The 400 & 500 Class rail motors are a diesel trains built by New South Wales Government Railways (NSWGR) primarily for use on regional lines throughout NSW. The trains have since been phased out following a rationalisation of country branch line rail services in November 1983. The 400 Class power cars were built in 1938 at the NSWGR Carriage Workshops, Eveleigh, NSW, while the 500 Class trailer cars were built by Ritchie Brothers at Auburn, NSW.
The 400 Class power cars followed the same general lines as the Silver City Comet powers vans, although they were slightly shorter in length at 15.5 metres. They were fitted with two underfloor 150 horsepower Leyland Diesel in-line six-cylinder, petrol engines coupled to Leyland Lysholm-Smith hydraulic transmissions. This was a repeat of the installation used in the earlier Rail Motor No.38. No multiple unit capability was provided. Each power car was capable of hauling one or two trailer cars. The mechanical equipment was mounted underfloor and a passenger compartment seating 19 Second Class was provided at one end while the other was occupied by a large luggage compartment with a capacity of 4 tonnes.
FPH 404 was destroyed by fire at Narrandera in 1944 and the remaining three were fitted with diesel engines between 1953 and 1957. They were fitted with two 150 horsepower GM Detroit Diesel 6/71 in-line six-cylinder, diesel engines and Twin Disc hydraulic torque converter transmissions.
When built, the power cars had a toilet located in the front opposite the driver and the front window was covered by a metal plate which gave the driver limited vision at level crossings. The cars had a 'one-eyed' appearance and this earned them the nickname 'Lord Nelson'. The toilet was later moved to the rear of the passenger compartment and replaced by passenger seating.
402 was modified in 1972 with the installation of compartment seating eight First Class and a toilet at the opposite end to the main passenger compartment and coded HPC. It was planned to extend this modification to 401 and 403 but with the decline in passenger numbers, it was considered too expensive to be repeated. The others simply had four seats in the main compartment allocated to First Class.
With the decline in branch line patronage, the use of trailers became rare and some were reassigned to Sydney for suburban working, while those remaining in the country received little use.
The 500 Class trailer cars were the same as those used on the Silver City Comet except that air-conditioning was not provided. The cars had two basic configurations, a composite sitting car (CT 501-504 and 506) and a Second Class sitting car with (FT 505, 507 and 508). These last three were stored on completion in 1938 and finally entered service between 1941 and 1944. The trailer cars were initially delivered from the builder with Comet trailer numbers (213-220) but were renumbered into the 500 series before entering service. FT 505 was sent to Sydney to work with 42-Foot rail motors in 1951. The end doors were sealed and CPH operating equipment fitted. From 1951 onwards 501, 502, 504, 507 and 508 were fitted with a luggage compartment and coded as HCT. FT 506 and HCT 501 were later sent to Sydney and modified to work with CPH rail motors along the same lines as FT 505.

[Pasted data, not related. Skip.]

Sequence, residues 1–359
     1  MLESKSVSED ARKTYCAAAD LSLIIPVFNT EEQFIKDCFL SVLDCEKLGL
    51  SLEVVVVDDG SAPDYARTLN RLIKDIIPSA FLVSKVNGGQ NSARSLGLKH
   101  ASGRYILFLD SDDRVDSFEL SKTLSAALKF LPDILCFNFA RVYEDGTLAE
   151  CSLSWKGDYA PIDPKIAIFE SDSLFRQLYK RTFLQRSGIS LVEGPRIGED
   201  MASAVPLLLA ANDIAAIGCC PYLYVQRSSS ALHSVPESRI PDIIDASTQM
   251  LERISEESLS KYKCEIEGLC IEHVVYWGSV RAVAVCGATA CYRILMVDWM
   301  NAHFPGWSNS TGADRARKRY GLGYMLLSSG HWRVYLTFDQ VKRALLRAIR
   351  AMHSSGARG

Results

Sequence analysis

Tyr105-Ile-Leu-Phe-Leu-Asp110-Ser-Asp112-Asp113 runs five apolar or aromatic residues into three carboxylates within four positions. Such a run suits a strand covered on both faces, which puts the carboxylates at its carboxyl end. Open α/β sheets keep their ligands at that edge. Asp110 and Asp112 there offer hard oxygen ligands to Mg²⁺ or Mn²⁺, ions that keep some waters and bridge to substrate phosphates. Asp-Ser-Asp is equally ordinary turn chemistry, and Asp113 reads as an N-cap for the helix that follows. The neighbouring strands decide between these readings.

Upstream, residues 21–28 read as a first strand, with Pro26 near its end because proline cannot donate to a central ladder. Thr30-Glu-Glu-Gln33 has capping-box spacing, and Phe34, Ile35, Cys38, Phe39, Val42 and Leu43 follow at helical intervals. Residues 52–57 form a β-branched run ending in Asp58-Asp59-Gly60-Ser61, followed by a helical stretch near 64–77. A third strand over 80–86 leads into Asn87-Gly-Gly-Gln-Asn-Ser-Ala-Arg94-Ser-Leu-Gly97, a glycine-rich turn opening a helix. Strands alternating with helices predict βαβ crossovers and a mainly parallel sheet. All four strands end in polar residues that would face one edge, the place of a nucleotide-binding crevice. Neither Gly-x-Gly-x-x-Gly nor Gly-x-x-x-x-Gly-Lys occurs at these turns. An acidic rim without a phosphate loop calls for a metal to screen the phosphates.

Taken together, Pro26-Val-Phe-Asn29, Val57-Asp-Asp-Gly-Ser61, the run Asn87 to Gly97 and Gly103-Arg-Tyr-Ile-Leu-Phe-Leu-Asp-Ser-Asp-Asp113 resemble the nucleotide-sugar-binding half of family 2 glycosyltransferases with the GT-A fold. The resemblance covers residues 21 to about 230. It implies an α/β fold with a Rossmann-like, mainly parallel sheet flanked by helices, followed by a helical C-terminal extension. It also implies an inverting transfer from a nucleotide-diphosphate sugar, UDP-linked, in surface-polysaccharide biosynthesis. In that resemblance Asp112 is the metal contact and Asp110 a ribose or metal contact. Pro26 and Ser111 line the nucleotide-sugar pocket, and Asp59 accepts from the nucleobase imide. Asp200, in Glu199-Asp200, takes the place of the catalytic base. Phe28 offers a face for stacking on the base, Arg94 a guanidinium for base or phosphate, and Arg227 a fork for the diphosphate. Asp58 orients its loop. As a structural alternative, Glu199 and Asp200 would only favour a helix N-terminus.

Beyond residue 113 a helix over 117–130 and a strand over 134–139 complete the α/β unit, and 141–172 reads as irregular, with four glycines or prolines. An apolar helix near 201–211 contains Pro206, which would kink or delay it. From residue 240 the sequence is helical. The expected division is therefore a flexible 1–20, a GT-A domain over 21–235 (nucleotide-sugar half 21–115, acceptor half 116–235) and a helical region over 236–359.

Two units were initially deployed to Dubbo for working to Coonamble, Molong and Gwabegar and two to Narrandera for working services to Junee, Tocumwal, Hay and Hillston. The Dubbo based units were transferred Narrandera in the early 1940s and along with Rail Motor No.38 worked the southern branches until the 1970s. The three surviving 400 Class and No.38 were then transferred to north west with units being based at Werris Creek, Narrabri and Moree, where they remained until their retirement in November 1983.
Radio Test CarEdit
HPC 402, along with trailer FT 501, was purchased by the Rail Motor Society at Paterson, NSW in 1984. 402 was leased back by the State Rail Authority in 1986 for use as a radio test vehicle. Antenna planes were fitted on the roof at either end and radio testing equipment fitted. In this guise, HPC 402 traversed every operating railway line in NSW and the standard gauge in Queensland. In 1995-6, 402 was used to conduct a survey to locate every operating railway line using GPS technology. This project received an Excellence in Surveying award from the Institute of Surveyors Australia. The unit was returned to the Rail Motor Society in 2001 and has continued in its testing role as well as being used for track inspection purposes.
FT 503 was damaged by fire and scrapped in 1944. The surviving 400 and 500 Class were all withdrawn in November 1983. FT 505 and 506 were scrapped and HCT 507 was disposed of privately, while the remainder were offered for sale. Trailers HCT 504 and 508 and reprieved from the sale and were converted to parcel trailers for the Silver City Comet. They were painted in the Comet's distinctive silver and blue livery and recoded PT. They were withdrawn with the other Comet vehicles in 1989. HPC 401 and 403 and trailer CT 503 are preserved at the Dorrigo Steam Railway and Museum, while HPC 402 and trailer FT 501 are preserved in the collection of the Rail Motor Society. HPC 402 is the sole unit remaining in operational condition.